Carbon Farming Initiative

What is the Carbon Farming Initiative? | Read the Carbon and Climate report (pdf)

The purpose of integrating climate and carbon into the Rangelands NRM plan is to help guide the types and locations of activities under the Carbon Farming Initiative (CFI) and Biodiversity Fund to maximise the benefits for biodiversity, water and agricultural production in a way that is driven by regional stakeholders.

This project was undertaken to begin to provide a framework for integrating both predicted climate change, and carbon economy projects, into the Rangelands NRM Plan. The integration of climate impacts into the planning process will allow for “adaptation” to potential future climate. Identification and integration of carbon economy risks and opportunities into the planning process will allow for improved “mitigation” of human impacts on climate change.

While there is a large amount of background material available in the full report, the approach is summarised here so that end-users of the plan can see how the process was undertaken, and so that it can be repeated or modified in the future. 

Summary of approach

  1. Desktop review of forecast changes to regional climate (Predicted climate change lists)
  2. Desktop review of NRM project types to protect or improve condition of environmental asset (NRM Projects List)
  3. Desktop review of carbon legislation and carbon project types (Carbon Projects List)
    • Based on professional judgement identify Carbon Projects with Potential Negative Impacts on Regional NRM Goals
  4. Examine outputs from subregional workshops: what are the most commonly reported threats to assets in the region?
    • Refer to NRM Project List for actions to mitigate threats to assets
  5. Refer to Carbon Project List: are any of these projects suitable to be undertaken to mitigate regional priority threats to environmental assets?
  6. For each individual asset identified and its associated NRM project, undertake the INFFER prioritisation process with three additional questions:
    • Are the forecast climate changes for the region likely to impact the delivery of the desired management actions?
    • Is it likely that carbon sequestration or emissions avoidance projects in the vicinity (~5km or less) of the environmental asset will negatively impact the desired management action/s?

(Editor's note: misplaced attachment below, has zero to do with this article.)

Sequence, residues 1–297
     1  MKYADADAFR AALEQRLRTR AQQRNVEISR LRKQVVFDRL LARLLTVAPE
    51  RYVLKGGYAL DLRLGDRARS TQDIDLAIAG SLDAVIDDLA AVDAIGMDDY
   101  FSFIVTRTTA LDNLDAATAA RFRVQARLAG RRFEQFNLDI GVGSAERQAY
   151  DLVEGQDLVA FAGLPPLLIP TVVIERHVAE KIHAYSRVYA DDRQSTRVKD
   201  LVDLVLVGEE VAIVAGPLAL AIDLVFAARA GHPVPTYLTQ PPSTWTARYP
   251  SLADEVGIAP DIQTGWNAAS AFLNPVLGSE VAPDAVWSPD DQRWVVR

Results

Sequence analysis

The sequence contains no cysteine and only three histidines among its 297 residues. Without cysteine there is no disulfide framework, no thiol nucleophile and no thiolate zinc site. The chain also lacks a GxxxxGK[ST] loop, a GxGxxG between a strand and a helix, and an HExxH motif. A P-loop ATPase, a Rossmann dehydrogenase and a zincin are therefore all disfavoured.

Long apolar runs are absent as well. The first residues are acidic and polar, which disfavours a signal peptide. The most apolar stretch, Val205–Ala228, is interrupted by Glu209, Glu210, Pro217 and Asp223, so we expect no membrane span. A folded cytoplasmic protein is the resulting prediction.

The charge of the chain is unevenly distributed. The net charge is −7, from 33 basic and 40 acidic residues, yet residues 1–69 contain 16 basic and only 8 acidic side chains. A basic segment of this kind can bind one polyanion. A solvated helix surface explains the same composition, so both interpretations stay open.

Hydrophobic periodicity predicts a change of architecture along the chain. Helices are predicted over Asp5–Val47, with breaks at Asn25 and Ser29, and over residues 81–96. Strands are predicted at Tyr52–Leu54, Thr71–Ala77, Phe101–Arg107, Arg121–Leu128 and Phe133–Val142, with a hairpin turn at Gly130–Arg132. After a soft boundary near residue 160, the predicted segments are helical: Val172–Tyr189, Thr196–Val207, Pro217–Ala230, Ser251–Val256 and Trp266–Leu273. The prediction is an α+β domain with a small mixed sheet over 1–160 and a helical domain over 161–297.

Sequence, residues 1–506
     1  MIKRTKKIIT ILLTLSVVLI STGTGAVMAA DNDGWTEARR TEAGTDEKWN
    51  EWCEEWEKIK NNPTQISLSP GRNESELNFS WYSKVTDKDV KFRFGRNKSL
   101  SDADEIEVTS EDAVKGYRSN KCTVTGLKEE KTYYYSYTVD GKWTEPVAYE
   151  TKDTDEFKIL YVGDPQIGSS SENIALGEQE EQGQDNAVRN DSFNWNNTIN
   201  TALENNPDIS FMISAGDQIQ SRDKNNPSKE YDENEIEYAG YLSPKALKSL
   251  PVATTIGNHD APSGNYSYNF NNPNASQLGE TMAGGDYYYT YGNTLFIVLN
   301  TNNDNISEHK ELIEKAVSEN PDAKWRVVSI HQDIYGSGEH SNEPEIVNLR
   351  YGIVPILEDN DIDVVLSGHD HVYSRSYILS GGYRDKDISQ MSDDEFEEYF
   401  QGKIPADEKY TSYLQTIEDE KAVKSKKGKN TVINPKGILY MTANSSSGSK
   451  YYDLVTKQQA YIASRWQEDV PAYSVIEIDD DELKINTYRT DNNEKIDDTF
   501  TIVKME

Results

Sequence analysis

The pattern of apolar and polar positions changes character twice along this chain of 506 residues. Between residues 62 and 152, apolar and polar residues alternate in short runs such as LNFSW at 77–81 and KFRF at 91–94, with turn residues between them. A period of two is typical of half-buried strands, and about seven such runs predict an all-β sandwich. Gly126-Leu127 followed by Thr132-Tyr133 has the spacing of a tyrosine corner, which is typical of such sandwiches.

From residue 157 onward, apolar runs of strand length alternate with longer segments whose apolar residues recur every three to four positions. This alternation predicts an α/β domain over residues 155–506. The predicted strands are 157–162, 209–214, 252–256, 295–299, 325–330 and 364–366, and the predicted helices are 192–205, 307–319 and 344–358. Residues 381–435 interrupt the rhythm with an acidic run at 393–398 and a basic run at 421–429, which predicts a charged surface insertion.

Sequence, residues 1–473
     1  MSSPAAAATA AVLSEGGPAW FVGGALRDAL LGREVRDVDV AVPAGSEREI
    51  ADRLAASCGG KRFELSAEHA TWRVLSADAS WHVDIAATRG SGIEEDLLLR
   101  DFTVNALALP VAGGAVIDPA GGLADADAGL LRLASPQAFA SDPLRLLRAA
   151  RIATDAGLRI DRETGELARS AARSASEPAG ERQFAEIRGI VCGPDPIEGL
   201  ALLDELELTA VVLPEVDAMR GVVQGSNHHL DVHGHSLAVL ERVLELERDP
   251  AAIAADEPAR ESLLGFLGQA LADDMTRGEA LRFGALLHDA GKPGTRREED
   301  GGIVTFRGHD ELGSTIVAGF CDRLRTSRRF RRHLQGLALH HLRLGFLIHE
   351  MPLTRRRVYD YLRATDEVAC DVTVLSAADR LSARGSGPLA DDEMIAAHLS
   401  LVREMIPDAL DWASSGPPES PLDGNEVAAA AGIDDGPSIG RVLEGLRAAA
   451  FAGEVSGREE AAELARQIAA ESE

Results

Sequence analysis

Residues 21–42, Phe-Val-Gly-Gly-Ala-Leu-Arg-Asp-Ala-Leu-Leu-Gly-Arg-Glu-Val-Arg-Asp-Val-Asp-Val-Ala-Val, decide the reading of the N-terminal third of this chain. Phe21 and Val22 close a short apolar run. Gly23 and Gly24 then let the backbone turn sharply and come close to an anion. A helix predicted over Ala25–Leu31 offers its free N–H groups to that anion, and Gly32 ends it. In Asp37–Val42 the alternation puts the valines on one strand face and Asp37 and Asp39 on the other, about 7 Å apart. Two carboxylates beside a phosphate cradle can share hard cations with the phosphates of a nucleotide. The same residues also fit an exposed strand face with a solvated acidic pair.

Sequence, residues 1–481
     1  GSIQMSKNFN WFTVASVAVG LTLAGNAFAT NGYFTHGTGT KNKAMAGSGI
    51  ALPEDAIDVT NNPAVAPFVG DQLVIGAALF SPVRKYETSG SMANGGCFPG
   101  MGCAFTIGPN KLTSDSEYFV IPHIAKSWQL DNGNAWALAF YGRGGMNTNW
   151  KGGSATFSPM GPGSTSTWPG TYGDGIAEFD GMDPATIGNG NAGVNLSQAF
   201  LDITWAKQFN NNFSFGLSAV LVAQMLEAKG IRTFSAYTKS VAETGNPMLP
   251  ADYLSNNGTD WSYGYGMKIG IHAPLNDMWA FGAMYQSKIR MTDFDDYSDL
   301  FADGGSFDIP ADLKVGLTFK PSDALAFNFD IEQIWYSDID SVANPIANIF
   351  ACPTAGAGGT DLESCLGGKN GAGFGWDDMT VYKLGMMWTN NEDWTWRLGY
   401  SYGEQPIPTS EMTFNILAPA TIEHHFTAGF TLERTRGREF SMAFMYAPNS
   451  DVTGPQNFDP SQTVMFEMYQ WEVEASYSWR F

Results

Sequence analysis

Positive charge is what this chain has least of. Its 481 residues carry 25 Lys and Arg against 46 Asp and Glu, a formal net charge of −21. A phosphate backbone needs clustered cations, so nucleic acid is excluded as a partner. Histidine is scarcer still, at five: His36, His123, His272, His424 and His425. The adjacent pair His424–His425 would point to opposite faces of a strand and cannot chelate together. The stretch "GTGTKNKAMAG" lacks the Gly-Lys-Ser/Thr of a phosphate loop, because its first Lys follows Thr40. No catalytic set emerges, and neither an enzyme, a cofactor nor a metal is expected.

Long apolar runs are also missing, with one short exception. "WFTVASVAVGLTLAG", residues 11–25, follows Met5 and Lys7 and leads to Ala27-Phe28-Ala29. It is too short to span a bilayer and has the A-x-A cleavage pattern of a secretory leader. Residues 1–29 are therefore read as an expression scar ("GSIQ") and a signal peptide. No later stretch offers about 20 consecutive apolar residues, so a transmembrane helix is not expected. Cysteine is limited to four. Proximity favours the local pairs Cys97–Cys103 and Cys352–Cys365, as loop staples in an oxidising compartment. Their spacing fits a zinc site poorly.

• Is it possible that the desired management actions could be funded at least in part in the future through the sale of carbon credits?

    This allows for the re-ranking of all INFFER ranked assets and potential projects, to determine which had the greatest chance of success under future climate and carbon economy scenarios

  7. Follow INFFER “seven step” process for highest ranked projects/projects that meet qualifying criteria.

The approach outlined here represents the process undertaken for the initial phase of integrating climate and the carbon economy into the Rangelands NRM Regional Plan. This approach is intended to ensure that the greatest NRM benefit is derived from the carbon economy and any potential negative impacts are minimised. Using this approach, the revised plan provides guidance for carbon and Biodiversity Fund project developments in the region. By combining this “climate and carbon” approach with the INFFER prioritisation process, the priority projects selected for action and funding will have the greatest chance of protecting NRM assets into the future. Importantly, the process driven by local participants who have the best on ground knowledge about the condition of assets, and the work required to improve their condition.

Continually updating the relevant lists and how they relate to NRM regional priorities will ensure that the Rangelands NRM plan continues to gives clear advice to land managers on what projects have the greatest chance of success and ensuring that NRM investment is able to achieve relevant and worthwhile asset protection.